Skilled Labor Shortage is Germany’s New Major Problem

The country lacks 570,000 highly skilled workers. If they were available, German companies would have earned 49 billion euros more this year

Galina Kolev-Schaefer

“Workshops without mechanics, construction sites without electricians, and nursing homes without caregivers: there is a shortage of skilled workers across Germany. As a result, the German economy is losing a lot of money. Without the shortage of skilled labor, companies could have earned 49 billion euros more at full capacity this year.” This is the conclusion reached by the authors of a new and alarming study by the German Economic Institute (IW) entitled “Skills shortage: economy loses 49 billion euros.”

According to the survey, in 2023, in all sectors of the German economy specialists failed to fill 570 thousand vacant jobs. This despite the fact that “the total number of workers in Germany reached 45.9 million last year, a never-before-seen figure.” However, there is a shortage of skilled workers in all sectors. “For companies,” the report’s authors emphasized, “this means that their productive capacity is declining.” Meaning that German companies could produce more, but skilled labor is in short supply. The authors of the study, economists Alexander Burstedde and Galina Kolev-Schaefer, used the Global Economic Model by Oxford Economics to calculate the financial “hole” in the form of lost production. That is, “the estimated costs relate only to production losses, not to indirect losses caused by shortages of skilled labor, including worker stress caused by overtime or losses caused by innovative technologies introduced into the competition.”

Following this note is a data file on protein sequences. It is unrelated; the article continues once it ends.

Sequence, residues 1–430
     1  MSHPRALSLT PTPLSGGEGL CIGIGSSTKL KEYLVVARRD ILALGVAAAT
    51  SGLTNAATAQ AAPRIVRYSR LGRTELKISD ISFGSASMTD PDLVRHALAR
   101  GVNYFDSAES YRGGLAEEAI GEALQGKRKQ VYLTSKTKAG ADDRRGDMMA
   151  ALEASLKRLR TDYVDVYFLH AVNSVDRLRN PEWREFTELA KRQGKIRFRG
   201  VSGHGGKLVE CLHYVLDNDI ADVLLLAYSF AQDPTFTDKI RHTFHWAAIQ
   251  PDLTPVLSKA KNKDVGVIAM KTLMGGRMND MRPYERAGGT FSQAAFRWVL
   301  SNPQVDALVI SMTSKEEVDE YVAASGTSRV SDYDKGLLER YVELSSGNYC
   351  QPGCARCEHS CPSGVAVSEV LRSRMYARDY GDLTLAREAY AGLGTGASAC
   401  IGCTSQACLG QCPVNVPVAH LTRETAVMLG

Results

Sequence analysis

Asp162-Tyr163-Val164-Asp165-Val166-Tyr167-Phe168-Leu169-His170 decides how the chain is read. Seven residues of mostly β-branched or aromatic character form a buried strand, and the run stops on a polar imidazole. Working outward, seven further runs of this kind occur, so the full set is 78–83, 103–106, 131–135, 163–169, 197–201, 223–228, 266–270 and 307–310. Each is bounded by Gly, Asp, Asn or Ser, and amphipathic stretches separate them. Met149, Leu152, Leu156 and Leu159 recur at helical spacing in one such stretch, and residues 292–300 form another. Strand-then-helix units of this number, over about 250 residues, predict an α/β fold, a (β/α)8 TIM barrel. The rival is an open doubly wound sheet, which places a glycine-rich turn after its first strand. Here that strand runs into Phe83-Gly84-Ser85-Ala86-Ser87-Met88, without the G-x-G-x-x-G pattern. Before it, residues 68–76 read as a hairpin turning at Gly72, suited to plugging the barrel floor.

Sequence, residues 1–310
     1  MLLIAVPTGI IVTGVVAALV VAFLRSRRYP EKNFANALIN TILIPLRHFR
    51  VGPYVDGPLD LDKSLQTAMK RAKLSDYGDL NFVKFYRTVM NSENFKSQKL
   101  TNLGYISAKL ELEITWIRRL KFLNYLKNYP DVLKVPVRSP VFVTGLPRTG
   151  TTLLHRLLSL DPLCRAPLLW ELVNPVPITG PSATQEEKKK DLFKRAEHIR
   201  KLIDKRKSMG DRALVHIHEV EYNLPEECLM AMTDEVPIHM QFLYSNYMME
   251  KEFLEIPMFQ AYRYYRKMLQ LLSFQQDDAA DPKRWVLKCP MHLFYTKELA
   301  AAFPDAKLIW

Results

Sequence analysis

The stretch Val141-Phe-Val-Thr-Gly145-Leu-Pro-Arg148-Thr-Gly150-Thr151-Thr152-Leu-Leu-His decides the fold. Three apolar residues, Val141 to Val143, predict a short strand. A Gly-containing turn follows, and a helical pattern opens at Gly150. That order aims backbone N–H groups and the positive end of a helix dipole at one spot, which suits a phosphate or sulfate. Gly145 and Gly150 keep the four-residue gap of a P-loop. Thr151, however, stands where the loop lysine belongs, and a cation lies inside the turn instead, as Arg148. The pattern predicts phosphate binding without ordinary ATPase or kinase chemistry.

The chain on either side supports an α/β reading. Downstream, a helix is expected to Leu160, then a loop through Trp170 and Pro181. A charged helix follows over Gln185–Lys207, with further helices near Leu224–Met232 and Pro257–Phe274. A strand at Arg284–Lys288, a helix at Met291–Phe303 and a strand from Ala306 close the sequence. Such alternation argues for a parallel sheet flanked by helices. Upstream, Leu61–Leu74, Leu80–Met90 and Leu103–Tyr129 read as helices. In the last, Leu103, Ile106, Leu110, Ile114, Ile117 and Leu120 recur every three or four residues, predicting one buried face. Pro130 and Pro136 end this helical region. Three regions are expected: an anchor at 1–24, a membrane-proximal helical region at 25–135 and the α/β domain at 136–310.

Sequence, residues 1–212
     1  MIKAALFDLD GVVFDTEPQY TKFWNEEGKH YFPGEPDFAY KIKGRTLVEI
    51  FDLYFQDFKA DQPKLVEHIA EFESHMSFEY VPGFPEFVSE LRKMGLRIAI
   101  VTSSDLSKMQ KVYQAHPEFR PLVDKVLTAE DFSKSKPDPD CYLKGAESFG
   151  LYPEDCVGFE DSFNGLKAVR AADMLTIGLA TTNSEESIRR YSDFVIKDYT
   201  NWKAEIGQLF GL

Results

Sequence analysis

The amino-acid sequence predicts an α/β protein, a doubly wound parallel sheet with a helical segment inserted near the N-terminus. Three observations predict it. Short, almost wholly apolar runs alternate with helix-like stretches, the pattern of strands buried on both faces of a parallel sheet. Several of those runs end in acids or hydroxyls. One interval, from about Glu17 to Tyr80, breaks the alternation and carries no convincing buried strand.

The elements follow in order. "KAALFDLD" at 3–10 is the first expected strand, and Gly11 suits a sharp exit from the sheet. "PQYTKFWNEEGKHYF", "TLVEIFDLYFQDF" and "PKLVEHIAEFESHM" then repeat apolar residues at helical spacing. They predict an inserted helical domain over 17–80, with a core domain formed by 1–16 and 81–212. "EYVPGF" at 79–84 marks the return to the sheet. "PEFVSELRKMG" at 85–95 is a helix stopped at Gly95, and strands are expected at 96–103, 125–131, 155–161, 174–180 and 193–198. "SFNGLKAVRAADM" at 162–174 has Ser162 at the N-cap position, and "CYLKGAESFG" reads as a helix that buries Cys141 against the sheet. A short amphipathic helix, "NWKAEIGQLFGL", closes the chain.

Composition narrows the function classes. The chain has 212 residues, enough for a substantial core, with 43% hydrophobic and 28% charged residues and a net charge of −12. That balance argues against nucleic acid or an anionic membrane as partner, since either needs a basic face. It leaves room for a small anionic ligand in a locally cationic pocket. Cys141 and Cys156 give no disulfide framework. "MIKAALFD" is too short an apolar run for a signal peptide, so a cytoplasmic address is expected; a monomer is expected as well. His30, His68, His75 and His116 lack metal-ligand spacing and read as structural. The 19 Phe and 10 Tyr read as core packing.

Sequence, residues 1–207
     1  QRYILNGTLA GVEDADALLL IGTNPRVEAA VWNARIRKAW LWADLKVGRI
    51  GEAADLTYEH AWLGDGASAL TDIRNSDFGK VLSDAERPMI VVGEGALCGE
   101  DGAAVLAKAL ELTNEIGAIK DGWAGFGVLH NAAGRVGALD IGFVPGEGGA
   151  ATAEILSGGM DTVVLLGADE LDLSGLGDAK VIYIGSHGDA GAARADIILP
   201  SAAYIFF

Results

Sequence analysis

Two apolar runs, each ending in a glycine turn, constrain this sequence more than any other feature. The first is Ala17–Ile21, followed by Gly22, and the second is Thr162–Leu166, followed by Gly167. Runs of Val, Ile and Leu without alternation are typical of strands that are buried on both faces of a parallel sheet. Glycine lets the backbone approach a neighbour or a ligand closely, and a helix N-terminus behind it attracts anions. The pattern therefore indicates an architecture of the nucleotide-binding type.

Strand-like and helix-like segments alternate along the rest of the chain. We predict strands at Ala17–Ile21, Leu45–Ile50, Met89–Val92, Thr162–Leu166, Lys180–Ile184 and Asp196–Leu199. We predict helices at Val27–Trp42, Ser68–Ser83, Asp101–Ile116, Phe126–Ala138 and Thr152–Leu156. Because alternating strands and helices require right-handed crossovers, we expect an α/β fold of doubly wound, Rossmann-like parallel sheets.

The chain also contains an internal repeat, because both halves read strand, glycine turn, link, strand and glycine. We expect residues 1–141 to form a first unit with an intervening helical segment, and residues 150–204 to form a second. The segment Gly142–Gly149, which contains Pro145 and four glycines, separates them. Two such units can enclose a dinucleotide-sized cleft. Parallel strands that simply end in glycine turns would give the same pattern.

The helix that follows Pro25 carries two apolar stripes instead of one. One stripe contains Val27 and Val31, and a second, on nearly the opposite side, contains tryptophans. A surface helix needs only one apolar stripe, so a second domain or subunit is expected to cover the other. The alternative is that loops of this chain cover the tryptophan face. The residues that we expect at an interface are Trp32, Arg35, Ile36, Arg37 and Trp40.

Finally, as so-called “baby boomers,” i.e., workers born between the 1950s and 1960s, retire in the coming years, the skills gap will only widen in the future. According to calculations by the German Institute, the cost of Germany’s labor shortage will actually rise to 74 billion euros as early as 2027.

In fact, the problem does not only affect Germany, but most EU countries. In this context, the competition between Germany and its “rivals,” primarily France, is becoming increasingly fierce. Tomorrow (May 13), French President Emmanuel Macron will welcome the seventh annual Choose France summit at the Palace of Versailles, attended by investors and CEOs of companies and multinational corporations. According to the Elysee Palace, this edition should announce a “record” inflow of foreign direct investment (FDI) into the French economy. At the previous Forum in 2023, agreements totaling 13 billion euros were signed. According to Ernst&Young, “in 2023, France became the top European country for foreign investment for the fifth consecutive year,” ahead of Britain and a beleaguered Germany.

To download the report from Pluralia’s website (PDF in German), follow the link